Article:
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Kensington Proximo Starter Kit Review
The Kensington Proximo is a great solution for the forgetful, helping you track down lost items like electronics and keys, and best of all, preventing losses in the first place.
- Helps locate iPhones and other belongings
- Easy setup
- Can use multiple tags at the same time
- Feature-rich companion app
- Not compatible with Android or older iOS devices
I’m a very forgetful person, the type who can put my keys down one minute and instantly forget where they are the next. I’m sure I’m not alone in this, though, which explains the need for products like the Kensington Proximo ($59.99 direct). The Proximo uses up to five dongles that you can attach to various items like keys, bags, or electronics to help you keep track of them. Each dongle is then paired with your iPhone 4S or 5 via Bluetooth and controlled with the free Proximo app. It’s less expensive than the similar Cirago iAlertTag and has far more useful features thanks to its well-implemented companion app.
Design and Features
The Proximo starter kit comes with one fob and one tag; the fob is an oblong plastic dongle that measures about 2 inches tall and 1 inch wide, while the tag is a circular dongle that measures about 1.5 inches in diameter. They’re about the same size as the iAlertTag, but they feel sturdier, especially the built-in metal loops for keyrings. The fob has a single button on its face, while the tag lacks any physical controls. Additional tags can be purchased for $24.99 apiece, but fobs, which you’ll need to find a lost phone (more on that below), are only available in the $60 starter kit.
Both the fob and tag connect to your iOS device via Bluetooth 4.0, which means the Proximo is only compatible with the iPhone 4S or later. The companion app is currently an iOS exclusive, but Kensington says an Android solution is in the works.
Setup, Use, and Conclusions
Pairing and setup are performed via the Proximo iOS app, where you can connect up to five fobs or tags to a single iPhone. You have to hold the button on the fob or use a pen to press a recessed button on the tag to enter pairing mode. The Proximo app automatically detects nearby fobs or tags and asks you to label each when pairing. For example, I attached a fob to my keys using the included keyring and labeled it keys. I also threw the tag into my backpack’s coin pocket and labeled it backpack.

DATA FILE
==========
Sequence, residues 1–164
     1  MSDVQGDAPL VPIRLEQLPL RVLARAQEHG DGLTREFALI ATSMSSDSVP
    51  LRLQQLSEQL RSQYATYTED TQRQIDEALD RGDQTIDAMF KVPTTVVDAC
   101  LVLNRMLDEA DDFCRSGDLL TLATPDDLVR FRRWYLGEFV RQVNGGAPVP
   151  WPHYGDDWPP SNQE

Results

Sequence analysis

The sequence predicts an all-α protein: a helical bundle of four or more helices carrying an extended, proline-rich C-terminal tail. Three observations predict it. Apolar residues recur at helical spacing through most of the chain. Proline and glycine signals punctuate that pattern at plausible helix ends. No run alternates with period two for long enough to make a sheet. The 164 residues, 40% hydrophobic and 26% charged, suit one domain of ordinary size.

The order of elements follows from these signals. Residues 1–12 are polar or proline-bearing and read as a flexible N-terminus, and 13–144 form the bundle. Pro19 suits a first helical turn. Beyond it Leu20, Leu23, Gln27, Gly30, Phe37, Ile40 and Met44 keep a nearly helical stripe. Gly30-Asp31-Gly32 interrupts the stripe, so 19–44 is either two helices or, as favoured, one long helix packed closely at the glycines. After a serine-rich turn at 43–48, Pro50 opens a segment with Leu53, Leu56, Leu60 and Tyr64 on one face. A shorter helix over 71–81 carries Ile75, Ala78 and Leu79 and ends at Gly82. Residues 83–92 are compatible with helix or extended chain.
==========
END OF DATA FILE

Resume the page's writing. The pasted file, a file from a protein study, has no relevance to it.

The primary purpose of Proximo is keeping your valuables nearby by triggering alerts on your iPhone, fob, or tags. Using the app you can set the sensitivity of the proximity sensor, which determines how far you need to be from a fob or tag to trigger an alert. You can also set the alert tone from a number of 8-bit-sounding jingles, with separate alerts for each fob and tag. You can disable the alert from the fob itself once found by pressing the button, while the Tag alert can only be disabled via the app. Pressing the button on the fob can also trigger the alert on your phone. The tag has no button, so you won’t be able to trigger the alert on your phone when it’s lost.
The thing that really sets the Proximo apart from the very similar iAlertTag is the ability to determine just how close each tag or fob is. The Find function on the app allows you to see whether you’re getting closer to your lost belonging as you move, which is useful since a ringing alarm alone isn’t always enough to pinpoint something like a set of keys. The Last Seen function can be set up on the app to record a GPS location whenever a tag or fob gets out of range, meaning you can go back and see just where you left something should you miss the alert.
The Proximo starter kit is less expensive than the Cirago iAlertTag, which costs $49.99 per tag, and lets you keep tabs on two devices right out of the box. Proximo is also more feature-rich thanks to its superb app, which can give you an exact last location and tell you if you’re getting close or not as you search. If you have more than five items you’d like to tag, however, the iAlert has the advantage there with a maximum of eight tags per phone. For the very forgetful, the Proximo is definitely worth checking out.
By Eugene Kim, PCMag